Jonathan L. Friedmann, Ph.D.
One of the foundations of art is direct pleasure. We are stirred by the elegant brushstroke, the well-crafted verse, the graceful dance, the sloping rooftop, the modulation from one key to another. Whatever utility the art object may serve, it is valued as a source of experiential gratification. Yet for all of its immediacy, art is not sensation alone. Pleasure without substance is too amorphous to stimulate deeper contemplation. Sensory stimuli must form a pathway to the mind.
Direct pleasure plus intellectual engagement equals art. Versions of this formulation appear in philosophical discourses since the days of Plato and Aristotle. A sense of beauty is joined with a sense of order: balance, pattern, development, climax. These ground rules have taken some aestheticians into areas not ordinarily recognized as art per se, such as sports and cooking. What baseball, recipes, oil paintings, ballet, symphonies, and statues share is a convergence of pleasure and form.
Because the creative impulse has so many outlets, the philosophy of art tends to err on the side of inclusion. Art generally refers to artifacts (e.g., paintings, decorated objects, tattoos) and performances (e.g., dance, music, drama)—categories broad enough to accept marginal cases. But there are limits, most notably the exclusion of smell.
Human beings are capable of distinguishing thousands of different odor molecules. The location of the olfactory bulb in the brain’s limbic system—the seat of emotions and memories—enables smells to call up instant and powerful associations. The proliferation of perfumes and air fresheners suggests a level of discernment on par with visual and auditory judgment. Yet, despite its personal importance and nuance, there is a longstanding philosophical prejudice against the “lower sense.” The reason for this is that smell resists systematic organization.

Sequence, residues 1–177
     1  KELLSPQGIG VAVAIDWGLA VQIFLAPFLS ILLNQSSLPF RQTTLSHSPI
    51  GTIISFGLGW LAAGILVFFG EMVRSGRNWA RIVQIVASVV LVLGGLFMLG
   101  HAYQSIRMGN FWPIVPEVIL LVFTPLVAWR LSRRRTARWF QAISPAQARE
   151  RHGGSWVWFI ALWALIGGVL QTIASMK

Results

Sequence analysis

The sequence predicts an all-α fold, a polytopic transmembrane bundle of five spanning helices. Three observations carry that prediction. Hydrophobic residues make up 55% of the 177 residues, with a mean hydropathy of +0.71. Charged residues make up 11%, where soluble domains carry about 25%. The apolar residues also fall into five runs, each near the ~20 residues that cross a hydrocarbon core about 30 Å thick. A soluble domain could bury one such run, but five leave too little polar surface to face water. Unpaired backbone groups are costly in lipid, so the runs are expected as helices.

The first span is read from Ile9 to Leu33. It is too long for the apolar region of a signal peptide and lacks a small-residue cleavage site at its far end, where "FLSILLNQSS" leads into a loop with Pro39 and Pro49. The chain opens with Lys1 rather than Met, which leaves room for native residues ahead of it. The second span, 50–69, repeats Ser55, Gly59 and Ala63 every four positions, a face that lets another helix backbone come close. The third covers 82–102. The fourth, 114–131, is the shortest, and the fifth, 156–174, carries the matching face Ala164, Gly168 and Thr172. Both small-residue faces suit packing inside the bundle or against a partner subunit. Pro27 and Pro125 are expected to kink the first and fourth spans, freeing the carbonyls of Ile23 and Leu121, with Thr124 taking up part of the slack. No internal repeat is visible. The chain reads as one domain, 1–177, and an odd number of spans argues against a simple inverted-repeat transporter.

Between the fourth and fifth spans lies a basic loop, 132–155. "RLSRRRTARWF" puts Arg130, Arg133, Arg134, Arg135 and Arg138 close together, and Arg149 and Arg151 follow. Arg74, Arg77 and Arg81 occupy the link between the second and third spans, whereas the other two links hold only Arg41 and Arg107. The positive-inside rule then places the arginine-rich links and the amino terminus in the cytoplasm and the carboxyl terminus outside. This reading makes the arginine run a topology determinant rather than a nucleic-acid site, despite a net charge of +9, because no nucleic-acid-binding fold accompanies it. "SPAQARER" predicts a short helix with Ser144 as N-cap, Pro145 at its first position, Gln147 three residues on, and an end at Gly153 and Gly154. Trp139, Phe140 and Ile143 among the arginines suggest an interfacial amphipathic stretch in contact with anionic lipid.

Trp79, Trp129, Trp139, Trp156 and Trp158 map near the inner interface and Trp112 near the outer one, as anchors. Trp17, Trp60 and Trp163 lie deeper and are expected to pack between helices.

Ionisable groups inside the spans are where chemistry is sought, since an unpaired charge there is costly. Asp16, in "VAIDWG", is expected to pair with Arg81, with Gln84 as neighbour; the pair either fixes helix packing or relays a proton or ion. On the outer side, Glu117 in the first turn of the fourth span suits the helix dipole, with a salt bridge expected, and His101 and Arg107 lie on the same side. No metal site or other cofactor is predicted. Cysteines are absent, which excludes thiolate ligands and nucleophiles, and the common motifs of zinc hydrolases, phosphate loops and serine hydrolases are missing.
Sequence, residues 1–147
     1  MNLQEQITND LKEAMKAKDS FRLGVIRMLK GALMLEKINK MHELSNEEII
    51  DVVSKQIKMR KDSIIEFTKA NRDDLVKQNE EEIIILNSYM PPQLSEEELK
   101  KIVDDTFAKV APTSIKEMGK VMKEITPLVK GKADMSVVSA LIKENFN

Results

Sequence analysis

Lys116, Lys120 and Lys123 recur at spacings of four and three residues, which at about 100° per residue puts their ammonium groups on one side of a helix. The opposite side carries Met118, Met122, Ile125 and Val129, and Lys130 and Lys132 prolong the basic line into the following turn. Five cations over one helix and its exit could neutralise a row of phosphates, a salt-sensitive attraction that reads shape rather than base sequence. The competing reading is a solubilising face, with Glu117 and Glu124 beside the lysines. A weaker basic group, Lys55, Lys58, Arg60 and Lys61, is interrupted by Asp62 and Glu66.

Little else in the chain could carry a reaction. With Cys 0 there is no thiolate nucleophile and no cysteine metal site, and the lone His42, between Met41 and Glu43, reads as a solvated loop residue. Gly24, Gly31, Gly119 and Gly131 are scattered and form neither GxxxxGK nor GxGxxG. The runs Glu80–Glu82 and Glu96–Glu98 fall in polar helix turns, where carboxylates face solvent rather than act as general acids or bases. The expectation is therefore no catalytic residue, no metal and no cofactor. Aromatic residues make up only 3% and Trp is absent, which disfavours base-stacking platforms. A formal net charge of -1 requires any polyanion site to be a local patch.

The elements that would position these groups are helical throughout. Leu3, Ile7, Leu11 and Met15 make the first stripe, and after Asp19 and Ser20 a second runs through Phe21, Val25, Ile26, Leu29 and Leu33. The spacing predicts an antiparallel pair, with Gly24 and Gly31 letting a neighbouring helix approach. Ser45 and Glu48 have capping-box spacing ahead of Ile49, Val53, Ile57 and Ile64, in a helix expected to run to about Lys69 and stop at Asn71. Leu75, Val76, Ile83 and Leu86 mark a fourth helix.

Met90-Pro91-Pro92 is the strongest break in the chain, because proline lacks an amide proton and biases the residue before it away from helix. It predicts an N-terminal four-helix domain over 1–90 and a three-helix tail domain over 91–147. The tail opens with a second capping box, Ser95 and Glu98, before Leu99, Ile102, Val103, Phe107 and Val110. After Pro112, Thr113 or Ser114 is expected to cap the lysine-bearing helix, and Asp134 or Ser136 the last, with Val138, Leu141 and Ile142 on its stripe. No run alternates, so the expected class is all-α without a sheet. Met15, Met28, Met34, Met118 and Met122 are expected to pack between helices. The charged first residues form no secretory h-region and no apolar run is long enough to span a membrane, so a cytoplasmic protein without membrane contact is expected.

In contrast to the relationship between higher and lower musical pitches, lighter and darker paint tones, and rising and falling action, smells do not lend themselves to rational arrangement. They do not have names like the colors of the rainbow or the notes on a scale. They are always identified with the things from which they emanate (cheese, gasoline, tar, shampoo, wet socks, etc.). They are received in their entirety at the moment of perception. Thus, while they may prompt direct pleasure and strong connotations, they lack order. We will never sniff a “smell-sonata,” for, as Monroe Beardsley explains, “How would you begin to look for systematic, repeatable, regular combinations that would be harmonious and enjoyable as complexes?”
This is not to belittle our capacity for smell. The forty thousand olfactory receptors are crucial to our lives and can be a source of great satisfaction. But they foster an experience too pure to be art.
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